Most of us think recycling means tossing a soda can or newspaper into the proper bin. But the Rotary Club of London, Ont., is taking the concept to a new level: It's recycling schools.
After the January 2010 earthquake devastated much of Haiti, the London club began collecting desks, chairs, bookshelves, and other supplies from Canadian schools that were closing, then shipping the items to Haiti. And because recycling a school is a logistical puzzle, this massive project involves a close partnership with the Rotary Club of Pétion-Ville, Haiti, along with contributions from Rotary clubs and districts in four countries; support from the Haiti Earthquake Relief Fund; a Rotary Foundation Matching Grant; and dozens of volunteers donating hundreds of hours.
London club members came up with the idea when they discovered that their local school district would be closing about 20 schools over the next several years because of low enrollment. The district had begun giving away the contents of the schools and was more than happy to have Rotarians make use of them. "It's surplus furniture. We have no need for it and no facility to store it," says Paul Tufts, superintendent of education for the Thames Valley District School Board and a member of the London club. "It's good news for everybody."
Past RI Director John Eberhard, also a member of the London club, reached out to the Pétion-Ville club to partner on the project. Pétion-Ville Rotarians identified two heavily damaged primary schools in need of assistance. The effort fit well with the goal of rebuilding schools, identified by the Haiti Task Force, a group of Rotarians helping to channel funds to Haiti.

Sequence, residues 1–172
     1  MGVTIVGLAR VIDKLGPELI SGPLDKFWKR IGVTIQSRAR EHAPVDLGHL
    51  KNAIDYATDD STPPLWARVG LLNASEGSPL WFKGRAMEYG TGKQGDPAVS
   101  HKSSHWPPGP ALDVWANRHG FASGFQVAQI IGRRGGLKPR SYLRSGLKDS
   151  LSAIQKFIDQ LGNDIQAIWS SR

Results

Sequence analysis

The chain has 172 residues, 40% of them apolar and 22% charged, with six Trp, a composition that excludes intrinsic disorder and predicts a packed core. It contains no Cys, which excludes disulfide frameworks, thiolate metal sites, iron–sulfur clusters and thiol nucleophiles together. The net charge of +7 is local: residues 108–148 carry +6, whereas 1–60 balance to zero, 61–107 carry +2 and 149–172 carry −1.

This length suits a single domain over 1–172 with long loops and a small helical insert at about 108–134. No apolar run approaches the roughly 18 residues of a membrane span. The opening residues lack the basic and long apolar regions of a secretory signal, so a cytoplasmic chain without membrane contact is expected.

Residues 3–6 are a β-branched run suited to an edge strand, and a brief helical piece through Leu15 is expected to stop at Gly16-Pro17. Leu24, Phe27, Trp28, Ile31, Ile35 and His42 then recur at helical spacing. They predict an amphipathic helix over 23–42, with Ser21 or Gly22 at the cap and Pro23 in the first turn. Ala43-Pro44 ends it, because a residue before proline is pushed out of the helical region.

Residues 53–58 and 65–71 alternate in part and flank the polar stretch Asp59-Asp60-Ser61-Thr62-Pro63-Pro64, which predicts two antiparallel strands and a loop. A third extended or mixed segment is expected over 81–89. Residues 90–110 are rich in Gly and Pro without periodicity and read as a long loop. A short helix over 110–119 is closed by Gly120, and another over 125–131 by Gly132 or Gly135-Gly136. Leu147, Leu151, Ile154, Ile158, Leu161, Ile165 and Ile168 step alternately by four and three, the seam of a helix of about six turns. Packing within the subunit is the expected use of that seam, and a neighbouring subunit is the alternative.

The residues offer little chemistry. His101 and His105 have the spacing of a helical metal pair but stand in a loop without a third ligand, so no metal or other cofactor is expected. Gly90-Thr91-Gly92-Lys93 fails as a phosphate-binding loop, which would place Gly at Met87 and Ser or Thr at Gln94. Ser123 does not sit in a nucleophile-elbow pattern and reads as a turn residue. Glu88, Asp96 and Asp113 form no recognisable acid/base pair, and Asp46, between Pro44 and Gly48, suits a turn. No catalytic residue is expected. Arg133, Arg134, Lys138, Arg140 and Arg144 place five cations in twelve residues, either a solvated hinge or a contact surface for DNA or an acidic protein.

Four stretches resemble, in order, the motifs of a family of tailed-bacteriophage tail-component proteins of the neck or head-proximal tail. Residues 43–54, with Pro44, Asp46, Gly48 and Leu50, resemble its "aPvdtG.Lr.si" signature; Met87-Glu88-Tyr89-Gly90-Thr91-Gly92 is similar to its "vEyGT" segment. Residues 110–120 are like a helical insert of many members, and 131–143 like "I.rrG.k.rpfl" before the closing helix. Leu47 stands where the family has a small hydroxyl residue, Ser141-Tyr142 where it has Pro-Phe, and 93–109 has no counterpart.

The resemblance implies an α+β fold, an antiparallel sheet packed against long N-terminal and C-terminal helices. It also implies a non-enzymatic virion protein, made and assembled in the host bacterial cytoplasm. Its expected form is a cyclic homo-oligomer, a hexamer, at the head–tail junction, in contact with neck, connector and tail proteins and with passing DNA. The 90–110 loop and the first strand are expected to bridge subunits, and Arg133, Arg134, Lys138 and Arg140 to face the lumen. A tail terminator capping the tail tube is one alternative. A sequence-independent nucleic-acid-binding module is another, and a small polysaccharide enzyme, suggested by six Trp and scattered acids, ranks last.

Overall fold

Only half of primary school-age children in Haiti are enrolled in school, and less than 2 percent finish secondary school. The adult literacy rate is 53 percent. Schools have to manage with what little supplies and furnishings they have, so it doesn't take much to improve on the situation, according to Pétion-Ville club member Raphael Izmery.
"Schools in Haiti have always had urgent needs, as they are underfunded. Children don't have access to proper school books and supplies. Students often spend the day at school without a meal, and classrooms often don't have adequate space, chairs, or desks," Izmery says. Since the earthquake, conditions have only worsened, he adds.
Haitians will welcome the shipments from Canada, which are expected to arrive throughout the year, says Marlï¿½ne Gay, a member of the Pétion-Ville club who is heading up the project in Haiti. "This will get children back to school. A lot of schools have not recovered yet. Everything was destroyed, so they have to start from scratch, and this will definitely help," she explains.
Although the furniture is free, shipping the items from Canada to Haiti is not. The London and Pétion-Ville clubs began by donating US$100 each. As Eberhard put the Rotary network to work, he helped turn that $200 contribution into $163,210. He circulated word about the project, and districts 4380 (Venezuela), 5160 (California, USA), and 7620 (Washington, D.C., and Maryland, USA) contributed a total of $60,000 to the cause. Their generosity stemmed from "a level of trust among Rotarians and Rotary clubs," Eberhard says.